KBIA took third place in two categories: 

Boone County Ranks Low on Health Behaviors

Apr 18, 2017
Bram Sable-Smith / KBIA

Although it's the top county in the state when it comes to access to clinical care, Boone County has nothing to brag about on health outcomes and behaviors. 

According to this year's county health rankings by the Robert Wood Johnson Foundation, Boone County has higher numbers than the state average on alcohol consumption-related behaviors and sexually transmitted diseases. 

Today Paul Pepper visits with SEAN SPENCE, Regional Director of the Mid-Missouri Better Business Bureau, about sexually explicit mail delivery. Find out why it happens, who it's happening to (no joke: a minister's wife) and what you can do about it! Another scam we touch on involves college scholarships. Lots of great information - watch! April 18, 2017

Supreme Court Will Interpret Religious Freedom in Trinity Lutheran Church Case

Apr 18, 2017
Beatriz Costa-Lima / KBIA

The U.S. Supreme Court will hear arguments Wednesday in what could become a game-changing religious freedom case.

And it began on a Columbia church playground.

Trinity Lutheran Church of Columbia v. Comer has worked its way up the judicial ladder since 2012, when the church's application to Missouri's Scrap Tire Surface Material Grant program was rejected by the Missouri Department of Natural Resources. The case was formerly known as Trinity v. Pauley — referring to the former director of the Department of Natural Resources, Sara Parker Pauley.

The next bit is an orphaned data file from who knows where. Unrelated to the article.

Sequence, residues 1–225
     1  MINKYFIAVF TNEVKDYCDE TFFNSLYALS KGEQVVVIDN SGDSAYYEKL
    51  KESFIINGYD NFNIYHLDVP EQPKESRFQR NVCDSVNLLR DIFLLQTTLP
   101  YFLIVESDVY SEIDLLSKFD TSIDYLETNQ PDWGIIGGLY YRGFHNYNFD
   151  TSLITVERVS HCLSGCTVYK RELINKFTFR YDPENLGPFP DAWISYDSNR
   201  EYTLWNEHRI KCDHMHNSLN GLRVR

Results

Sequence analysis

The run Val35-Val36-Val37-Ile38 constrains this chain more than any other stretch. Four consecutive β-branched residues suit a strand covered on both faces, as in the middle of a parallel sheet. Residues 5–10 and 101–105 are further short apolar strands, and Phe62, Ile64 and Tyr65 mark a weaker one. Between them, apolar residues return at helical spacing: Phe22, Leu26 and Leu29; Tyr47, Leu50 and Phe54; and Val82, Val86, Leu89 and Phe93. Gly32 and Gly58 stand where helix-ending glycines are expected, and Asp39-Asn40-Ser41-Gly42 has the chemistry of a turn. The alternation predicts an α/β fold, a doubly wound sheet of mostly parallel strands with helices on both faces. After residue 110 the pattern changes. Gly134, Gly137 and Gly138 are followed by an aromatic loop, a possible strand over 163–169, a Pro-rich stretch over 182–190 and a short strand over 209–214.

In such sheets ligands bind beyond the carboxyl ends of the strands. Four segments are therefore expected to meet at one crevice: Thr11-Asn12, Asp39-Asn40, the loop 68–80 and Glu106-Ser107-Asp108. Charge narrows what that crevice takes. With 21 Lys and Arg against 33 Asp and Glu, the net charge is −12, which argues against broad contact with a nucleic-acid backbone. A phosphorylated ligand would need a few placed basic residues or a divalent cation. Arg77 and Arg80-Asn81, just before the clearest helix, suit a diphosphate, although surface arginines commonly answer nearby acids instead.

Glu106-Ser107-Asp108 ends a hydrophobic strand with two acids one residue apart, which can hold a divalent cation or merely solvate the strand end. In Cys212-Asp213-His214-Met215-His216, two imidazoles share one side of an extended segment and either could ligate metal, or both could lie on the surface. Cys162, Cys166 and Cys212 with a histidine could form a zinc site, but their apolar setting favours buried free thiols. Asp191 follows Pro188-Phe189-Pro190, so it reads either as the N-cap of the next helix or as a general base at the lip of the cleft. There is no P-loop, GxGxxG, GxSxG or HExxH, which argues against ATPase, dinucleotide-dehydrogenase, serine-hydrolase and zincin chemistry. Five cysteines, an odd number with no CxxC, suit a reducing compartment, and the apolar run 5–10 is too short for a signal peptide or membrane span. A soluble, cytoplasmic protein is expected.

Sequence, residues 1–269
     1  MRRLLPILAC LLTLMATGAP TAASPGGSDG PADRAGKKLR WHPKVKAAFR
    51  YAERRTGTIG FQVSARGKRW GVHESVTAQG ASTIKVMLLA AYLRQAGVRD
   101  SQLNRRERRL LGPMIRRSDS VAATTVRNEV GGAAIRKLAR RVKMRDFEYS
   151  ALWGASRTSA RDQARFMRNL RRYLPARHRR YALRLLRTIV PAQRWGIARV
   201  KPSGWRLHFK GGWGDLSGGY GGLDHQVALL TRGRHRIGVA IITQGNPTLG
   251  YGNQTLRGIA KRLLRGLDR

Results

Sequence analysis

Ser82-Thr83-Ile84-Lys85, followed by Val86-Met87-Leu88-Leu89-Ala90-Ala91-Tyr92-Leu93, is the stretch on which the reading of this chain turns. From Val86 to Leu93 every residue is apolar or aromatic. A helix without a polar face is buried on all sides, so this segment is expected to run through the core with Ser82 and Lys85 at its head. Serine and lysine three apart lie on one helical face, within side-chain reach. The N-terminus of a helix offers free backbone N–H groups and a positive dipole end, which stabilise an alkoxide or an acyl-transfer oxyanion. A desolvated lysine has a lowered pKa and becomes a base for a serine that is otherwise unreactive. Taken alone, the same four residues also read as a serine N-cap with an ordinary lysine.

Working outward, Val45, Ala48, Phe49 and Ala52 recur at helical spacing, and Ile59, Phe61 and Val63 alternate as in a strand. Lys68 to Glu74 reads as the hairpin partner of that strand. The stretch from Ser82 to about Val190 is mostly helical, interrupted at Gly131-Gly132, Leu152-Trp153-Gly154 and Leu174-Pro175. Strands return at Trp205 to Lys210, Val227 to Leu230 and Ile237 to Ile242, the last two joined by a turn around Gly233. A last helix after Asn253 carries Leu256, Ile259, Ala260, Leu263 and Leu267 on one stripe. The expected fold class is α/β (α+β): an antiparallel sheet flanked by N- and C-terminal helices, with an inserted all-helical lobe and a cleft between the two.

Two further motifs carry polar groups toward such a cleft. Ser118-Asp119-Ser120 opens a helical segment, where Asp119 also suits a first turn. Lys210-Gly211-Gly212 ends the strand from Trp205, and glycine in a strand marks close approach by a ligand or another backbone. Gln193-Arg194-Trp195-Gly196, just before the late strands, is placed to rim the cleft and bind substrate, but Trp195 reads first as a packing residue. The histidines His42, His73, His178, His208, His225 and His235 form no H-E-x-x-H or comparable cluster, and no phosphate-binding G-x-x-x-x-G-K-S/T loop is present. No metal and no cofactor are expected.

Commentary: Democratic Dilemmas

Apr 18, 2017

Here are three things Democrats should not do if they want to regain the majority.

They should not be like Donald Trump and use profanity in public.  Last week it was reported that the Democratic National Chairman said in public one of the words you can’t say on TV, and Sen. Kirsten Gillibrand of New York said one of the other ones, in its gerund form.  Lots of Millennials talk this way and for some reason Trump can get away with talking this way.  But “I am authentic because I am vulgar” is not a winning strategy for Democrats.

House Votes to Block New State Parks

Apr 17, 2017
David Shane / Flickr

The Missouri House passed House Bill 698 which blocks the creation of new state parks until the maintenance of existing parks is completed.

First introduced in January, HB 698 prohibits the Department of Natural Resources from “acquiring additional land to establish a state park until all existing parks and facilities are brought up to date and are in good working order.”

The Missouri Parks & Recreation Association (MPRA) is a non-profit dedicated to supporting parks and recreation across the state.